Hunter scanned the first and second page, but he’d seen enough by the first paragraph. He’d known Davis was dirty, but this was lower than even he’d imagined. The scandal and backlash of a CIA agent intentionally leaking information like this was unthinkable. Not only would there be an interagency war, the public would probably lose what little faith they had left in the system. Looking at this, he couldn’t blame them. “Holy shit.”
“Couldn’t have said it better myself.” Connor rubbed a hand over his face and pulled out a pack of cigarettes. “Do you mind?” he asked, even though he was already lighting up.
Hunter shook his head as he tried to wrap his mind around what he’d just read. If these allegations were true, then Davis probably planned to disappear soon. He flipped back to the first page and frowned. The date stood out like a neon sign. “You just got this today?”
“Two hours ago to be exact.” He nodded and took a drag of his cigarette. The smoke intermingled with their cold breath.
“Interesting timing,” he murmured.
“We’ve been after this bastard for a while. Only recently have we uncovered concrete connections between Davis and informants he has no business talking to.”
“Who have you shown this to?” Hunter’s heart pounded wildly against his rib cage.
Connor lifted an eyebrow and gave him a look that said he was stupid for even asking.
Hunter hadn’t really expected him to answer but thought he’d give it a shot. “Fine. Answer this. Why did you hang me out to dry six years ago?”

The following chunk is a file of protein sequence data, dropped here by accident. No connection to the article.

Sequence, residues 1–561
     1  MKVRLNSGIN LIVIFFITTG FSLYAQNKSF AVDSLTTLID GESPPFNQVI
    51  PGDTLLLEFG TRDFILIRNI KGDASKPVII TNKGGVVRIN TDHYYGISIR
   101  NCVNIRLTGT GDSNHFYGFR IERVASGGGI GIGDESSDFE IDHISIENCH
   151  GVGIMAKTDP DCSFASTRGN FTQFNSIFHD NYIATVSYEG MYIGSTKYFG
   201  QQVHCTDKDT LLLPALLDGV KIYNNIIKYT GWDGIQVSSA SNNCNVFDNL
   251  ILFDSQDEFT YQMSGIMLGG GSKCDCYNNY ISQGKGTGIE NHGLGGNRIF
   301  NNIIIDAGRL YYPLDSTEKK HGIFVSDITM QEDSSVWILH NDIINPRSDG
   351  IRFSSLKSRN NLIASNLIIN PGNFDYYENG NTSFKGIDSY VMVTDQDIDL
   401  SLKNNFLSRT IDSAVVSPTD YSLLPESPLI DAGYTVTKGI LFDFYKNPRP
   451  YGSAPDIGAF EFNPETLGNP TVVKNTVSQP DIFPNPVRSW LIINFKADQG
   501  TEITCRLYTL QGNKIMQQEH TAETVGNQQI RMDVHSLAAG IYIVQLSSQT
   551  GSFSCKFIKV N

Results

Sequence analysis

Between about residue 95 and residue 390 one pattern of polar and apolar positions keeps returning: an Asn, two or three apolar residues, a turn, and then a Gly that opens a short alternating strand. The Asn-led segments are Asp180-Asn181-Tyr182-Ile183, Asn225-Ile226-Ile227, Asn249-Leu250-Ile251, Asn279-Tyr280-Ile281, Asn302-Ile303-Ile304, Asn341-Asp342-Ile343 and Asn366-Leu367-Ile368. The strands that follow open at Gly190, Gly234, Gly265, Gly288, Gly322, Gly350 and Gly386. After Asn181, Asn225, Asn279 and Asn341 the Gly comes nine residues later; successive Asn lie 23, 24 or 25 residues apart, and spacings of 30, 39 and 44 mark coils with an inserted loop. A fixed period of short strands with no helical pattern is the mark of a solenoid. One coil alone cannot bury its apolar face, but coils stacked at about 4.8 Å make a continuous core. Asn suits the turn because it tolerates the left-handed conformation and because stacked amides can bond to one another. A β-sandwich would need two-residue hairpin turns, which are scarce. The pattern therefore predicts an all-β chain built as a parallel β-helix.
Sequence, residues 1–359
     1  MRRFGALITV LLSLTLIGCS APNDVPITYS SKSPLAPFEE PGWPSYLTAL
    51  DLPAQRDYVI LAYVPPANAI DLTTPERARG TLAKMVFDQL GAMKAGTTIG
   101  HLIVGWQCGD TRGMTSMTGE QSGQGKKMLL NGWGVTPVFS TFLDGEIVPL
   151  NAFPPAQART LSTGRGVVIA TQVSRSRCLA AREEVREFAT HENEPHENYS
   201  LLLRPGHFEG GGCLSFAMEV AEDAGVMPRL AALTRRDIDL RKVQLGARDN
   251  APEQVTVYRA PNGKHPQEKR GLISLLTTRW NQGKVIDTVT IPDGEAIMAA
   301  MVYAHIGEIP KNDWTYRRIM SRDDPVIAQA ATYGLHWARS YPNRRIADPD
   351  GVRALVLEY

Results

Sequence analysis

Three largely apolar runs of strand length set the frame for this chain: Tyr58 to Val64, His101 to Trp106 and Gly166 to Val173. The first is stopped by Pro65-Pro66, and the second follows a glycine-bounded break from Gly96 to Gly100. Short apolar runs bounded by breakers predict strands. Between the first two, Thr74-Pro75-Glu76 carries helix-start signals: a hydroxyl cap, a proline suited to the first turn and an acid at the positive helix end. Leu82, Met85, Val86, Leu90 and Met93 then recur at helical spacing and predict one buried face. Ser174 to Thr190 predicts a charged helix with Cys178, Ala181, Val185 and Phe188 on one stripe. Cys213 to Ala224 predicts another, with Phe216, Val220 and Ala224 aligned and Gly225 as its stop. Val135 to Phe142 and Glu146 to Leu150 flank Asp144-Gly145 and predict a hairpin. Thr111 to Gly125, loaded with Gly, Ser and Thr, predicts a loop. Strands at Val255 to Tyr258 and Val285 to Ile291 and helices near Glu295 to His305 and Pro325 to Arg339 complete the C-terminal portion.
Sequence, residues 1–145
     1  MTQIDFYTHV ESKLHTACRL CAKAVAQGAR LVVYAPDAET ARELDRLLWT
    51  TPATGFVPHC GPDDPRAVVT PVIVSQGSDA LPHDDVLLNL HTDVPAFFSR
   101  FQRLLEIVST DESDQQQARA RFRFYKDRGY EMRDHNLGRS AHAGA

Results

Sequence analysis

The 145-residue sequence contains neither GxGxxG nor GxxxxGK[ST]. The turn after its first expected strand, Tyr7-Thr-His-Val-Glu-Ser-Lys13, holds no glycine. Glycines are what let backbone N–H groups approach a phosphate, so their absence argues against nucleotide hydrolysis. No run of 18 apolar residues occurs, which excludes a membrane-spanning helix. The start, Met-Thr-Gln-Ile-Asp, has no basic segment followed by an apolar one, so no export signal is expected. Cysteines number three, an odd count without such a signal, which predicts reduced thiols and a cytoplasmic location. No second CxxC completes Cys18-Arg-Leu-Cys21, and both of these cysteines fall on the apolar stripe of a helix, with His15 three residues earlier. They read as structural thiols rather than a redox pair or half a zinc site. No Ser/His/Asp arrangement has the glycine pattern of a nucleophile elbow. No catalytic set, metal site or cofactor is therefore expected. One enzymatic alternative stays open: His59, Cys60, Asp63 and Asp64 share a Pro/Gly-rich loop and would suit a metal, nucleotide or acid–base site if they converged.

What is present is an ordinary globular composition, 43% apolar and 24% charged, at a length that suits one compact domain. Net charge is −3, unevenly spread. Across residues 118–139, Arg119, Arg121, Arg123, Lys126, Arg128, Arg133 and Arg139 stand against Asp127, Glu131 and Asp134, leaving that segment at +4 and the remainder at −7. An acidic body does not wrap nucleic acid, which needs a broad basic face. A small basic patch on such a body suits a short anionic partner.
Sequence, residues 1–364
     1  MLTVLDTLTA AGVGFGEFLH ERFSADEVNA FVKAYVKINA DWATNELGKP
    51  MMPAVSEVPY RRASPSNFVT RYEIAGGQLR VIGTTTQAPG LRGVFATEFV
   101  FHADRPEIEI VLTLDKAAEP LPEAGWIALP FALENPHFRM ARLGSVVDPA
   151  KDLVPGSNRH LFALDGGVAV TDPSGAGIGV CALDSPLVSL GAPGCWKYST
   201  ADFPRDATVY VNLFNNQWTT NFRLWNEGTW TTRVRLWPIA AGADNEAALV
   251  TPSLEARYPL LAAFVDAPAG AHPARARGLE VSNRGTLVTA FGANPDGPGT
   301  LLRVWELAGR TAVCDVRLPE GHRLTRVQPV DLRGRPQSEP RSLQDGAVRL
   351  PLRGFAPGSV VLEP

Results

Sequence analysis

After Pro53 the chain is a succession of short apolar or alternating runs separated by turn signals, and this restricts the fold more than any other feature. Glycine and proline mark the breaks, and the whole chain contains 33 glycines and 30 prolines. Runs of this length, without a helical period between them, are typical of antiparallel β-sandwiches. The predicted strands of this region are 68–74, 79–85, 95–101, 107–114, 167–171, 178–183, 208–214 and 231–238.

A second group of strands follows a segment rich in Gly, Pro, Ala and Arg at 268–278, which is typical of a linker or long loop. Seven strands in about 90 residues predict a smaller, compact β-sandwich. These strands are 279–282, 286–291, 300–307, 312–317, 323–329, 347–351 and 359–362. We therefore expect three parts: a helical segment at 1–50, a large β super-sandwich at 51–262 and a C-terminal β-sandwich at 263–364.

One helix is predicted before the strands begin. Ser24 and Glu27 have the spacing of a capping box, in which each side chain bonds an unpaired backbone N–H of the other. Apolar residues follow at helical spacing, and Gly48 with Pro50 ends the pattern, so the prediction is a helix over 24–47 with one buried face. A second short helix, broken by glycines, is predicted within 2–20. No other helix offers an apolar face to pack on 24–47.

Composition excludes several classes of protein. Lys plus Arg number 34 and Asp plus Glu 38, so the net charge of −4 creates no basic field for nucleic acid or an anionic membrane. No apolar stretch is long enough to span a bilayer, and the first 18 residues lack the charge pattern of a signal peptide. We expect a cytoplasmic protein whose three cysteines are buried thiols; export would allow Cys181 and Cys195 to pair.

The other man slammed his fist on the wooden table, the first visible reaction from him so far. “I did no such thing, and if you’d come to me first—”
Hunter snorted. “Yeah, and end up like these agents?” He motioned to the stack on the table and shoved it back toward Connor.
“Are you even going to listen to what I have to say or should I just walk away right now?” Face mottled with anger, Connor tossed his cigarette and started to rise.
“Sit, I’m listening.” What choice did he really have?
“Alan forwarded all those papers you gave him.” Connor’s jaw clenched once.
“And I might have done the same thing if I’d been in your shoes,” he muttered.
“What the hell does that mean?”
“The memos and orders you got from Davis were real, so I can’t blame you for going into hiding.” His shoulders lifted slightly.
Hunter’s fist tightened around the gun in his lap. Instead of reining in his emotions like he’d been trained, he jumped to his feet. Connor was admitting he’d screwed him? That took balls to admit. Especially when Connor had to know Hunter was armed.
Before Hunter could move, Connor waved his hand in the air as if he were a gnat bothering him. “Will you sit down and let me finish? I said they were real. The time stamps and coding on the paperwork is real, which means it came from our system.”
“But you’re saying those memos didn’t come from you?” He didn’t bother to mask his sarcasm.
“Hell yeah, that’s what I’m saying. I’ve done a lot of things I’m not proud of, but I would never have sent you on unsanctioned missions. If I take a risk, it’s with my own life, not the lives of any of my men.” Connor’s eyes narrowed and he pulled out another cigarette.